Wed | Aug 15, 2018

Leaders pray for Jamaica, GG says bold actions needed

Published:Thursday | January 18, 2018 | 9:59 AM
Governor General Sir Patrick Allen (left) in dialogue with Bishop Stanley Clarke, chairman of the National Leadership Prayer Breakfast at the Jamaica Pegasus Hotel in New Kingston - Ricardo Makyn photo
Prime Minister Andrew Holness (right) greets Police Commissioner George Quallo on arrival at the National Leadership Prayer Breakfast in New Kingston - Ricardo Makyn photo
1
2

It was the gathering of the usual faces this morning for the 38th Annual National Leadership Prayer Breakfast at the Jamaica Pegasus Hotel in New Kingston.

Pastors and politicians, police and presidents of peddlers among those praying amid the Jamaican reality of a nation “at war with itself”, as guest preacher the Reverend Astor Carlyle, put it.

Like it was for the inaugural breakfast back in 1979 at the height of a nation under siege, the central focus of this year’s breakfast was crime.

“These times, ladies and gentlemen, demand bold faith, bold actions and fervent faith,” said Governor General Sir Patrick Allen as he brought greetings.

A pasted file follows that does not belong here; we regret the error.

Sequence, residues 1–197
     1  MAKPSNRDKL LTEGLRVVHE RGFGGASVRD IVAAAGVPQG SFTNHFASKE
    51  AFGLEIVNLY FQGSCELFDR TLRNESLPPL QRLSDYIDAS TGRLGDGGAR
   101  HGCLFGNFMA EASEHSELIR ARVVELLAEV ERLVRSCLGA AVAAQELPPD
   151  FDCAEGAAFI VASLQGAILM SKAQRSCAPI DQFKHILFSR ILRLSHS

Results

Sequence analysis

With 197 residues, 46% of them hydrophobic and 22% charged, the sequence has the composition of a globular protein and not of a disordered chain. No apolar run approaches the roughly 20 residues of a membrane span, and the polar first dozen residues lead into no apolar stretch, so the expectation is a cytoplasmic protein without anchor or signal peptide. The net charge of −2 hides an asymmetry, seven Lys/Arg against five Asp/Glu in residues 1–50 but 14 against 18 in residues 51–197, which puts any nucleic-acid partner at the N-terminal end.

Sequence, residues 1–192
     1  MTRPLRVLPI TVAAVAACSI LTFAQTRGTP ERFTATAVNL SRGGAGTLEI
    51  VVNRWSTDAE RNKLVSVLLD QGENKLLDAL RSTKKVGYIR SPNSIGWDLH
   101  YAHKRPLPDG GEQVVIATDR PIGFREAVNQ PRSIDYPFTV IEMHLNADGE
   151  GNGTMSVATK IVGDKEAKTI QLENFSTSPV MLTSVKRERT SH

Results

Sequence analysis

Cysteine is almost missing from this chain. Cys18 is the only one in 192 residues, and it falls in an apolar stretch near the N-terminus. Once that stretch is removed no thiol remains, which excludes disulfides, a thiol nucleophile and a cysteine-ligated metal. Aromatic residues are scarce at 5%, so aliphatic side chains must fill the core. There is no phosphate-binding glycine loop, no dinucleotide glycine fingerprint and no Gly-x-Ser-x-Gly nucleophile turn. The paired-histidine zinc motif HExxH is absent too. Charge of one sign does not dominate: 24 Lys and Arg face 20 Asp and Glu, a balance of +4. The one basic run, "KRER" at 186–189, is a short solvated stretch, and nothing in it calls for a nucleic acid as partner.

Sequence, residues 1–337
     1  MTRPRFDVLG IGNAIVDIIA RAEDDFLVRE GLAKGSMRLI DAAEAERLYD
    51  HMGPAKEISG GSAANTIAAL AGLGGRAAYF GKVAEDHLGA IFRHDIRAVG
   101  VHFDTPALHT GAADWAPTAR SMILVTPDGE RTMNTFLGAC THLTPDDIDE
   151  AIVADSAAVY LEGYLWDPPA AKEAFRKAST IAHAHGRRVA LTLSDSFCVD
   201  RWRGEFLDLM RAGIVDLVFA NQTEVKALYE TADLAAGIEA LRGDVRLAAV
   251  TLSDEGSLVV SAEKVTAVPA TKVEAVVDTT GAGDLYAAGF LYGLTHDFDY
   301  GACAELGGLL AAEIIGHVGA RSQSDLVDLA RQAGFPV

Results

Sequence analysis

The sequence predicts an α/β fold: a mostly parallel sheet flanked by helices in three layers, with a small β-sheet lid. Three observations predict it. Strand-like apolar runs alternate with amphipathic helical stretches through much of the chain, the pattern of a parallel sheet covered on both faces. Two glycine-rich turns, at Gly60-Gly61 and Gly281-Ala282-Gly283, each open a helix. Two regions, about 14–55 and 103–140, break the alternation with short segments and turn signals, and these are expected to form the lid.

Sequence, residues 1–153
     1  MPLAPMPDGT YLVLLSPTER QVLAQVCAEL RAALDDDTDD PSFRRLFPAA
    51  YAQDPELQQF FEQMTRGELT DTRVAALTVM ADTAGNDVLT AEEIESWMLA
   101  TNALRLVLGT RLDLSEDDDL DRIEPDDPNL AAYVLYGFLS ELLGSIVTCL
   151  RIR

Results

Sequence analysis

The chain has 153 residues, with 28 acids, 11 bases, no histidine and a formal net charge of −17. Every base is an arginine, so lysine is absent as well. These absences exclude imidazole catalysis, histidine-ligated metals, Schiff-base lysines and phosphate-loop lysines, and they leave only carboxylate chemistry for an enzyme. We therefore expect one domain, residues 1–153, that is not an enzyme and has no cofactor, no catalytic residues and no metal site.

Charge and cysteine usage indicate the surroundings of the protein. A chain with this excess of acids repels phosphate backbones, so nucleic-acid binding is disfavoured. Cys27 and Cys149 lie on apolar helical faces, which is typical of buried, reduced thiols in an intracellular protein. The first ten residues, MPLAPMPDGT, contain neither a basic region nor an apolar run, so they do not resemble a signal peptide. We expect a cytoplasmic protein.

Allen also said these times require leaders to “stand in the gap” to punish unlawful and unacceptable behaviours.

“We must have the strength of mind and will to persevere even when our minds and energies are waning,” Allen said.

Meanwhile Carlyle, the pastor of the Webster Memorial United Church, called for moral clarity.

“Moral chances depend on the moral choice we make,” he charged.

The St Andrew clergyman asserted that each Jamaican had a role to play in returning the country to righteousness.

“The cold, calculated and callous ways in which our Jamaican brothers and sisters are made to exit this world point to a daunting side of our Jamaican reality,” he said.

Last year, 1,616 people were murdered in Jamaica with St James the police division leading the homicide charts.

It ended 2017 with a record 332 murders, that's 67 more than reported in 2016.

A major security operation is now underway in St James.

“We cannot turn a blind for we know that when we turn a blind eye, we will turn more dead bodies in our streets,” Carlyle said.

At the same time, he said moral insensitivity and a seemingly normalisation of crassness and crudeness must be turned around.

“We can no longer allow anything to hinder the preferred future that is in store for us,” he insisted, noting that the church did not come from a position of self righteousness.

We want to hear from you! Email us at editor@gleanerjm.com or onlinefeedback@gleanerjm.com